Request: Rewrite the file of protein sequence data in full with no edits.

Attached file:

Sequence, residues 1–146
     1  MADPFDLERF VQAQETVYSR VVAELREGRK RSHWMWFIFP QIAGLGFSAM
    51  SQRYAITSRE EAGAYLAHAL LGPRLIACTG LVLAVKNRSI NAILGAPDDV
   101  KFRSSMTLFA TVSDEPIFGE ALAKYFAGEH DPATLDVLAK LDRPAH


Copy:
Sequence, residues 1–146
     1  MADPFDLERF VQAQETVYSR VVAELREGRK RSHWMWFIFP QIAGLGFSAM
    51  SQRYAITSRE EAGAYLAHAL LGPRLIACTG LVLAVKNRSI NAILGAPDDV
   101  KFRSSMTLFA TVSDEPIFGE ALAKYFAGEH DPATLDVLAK LDRPAH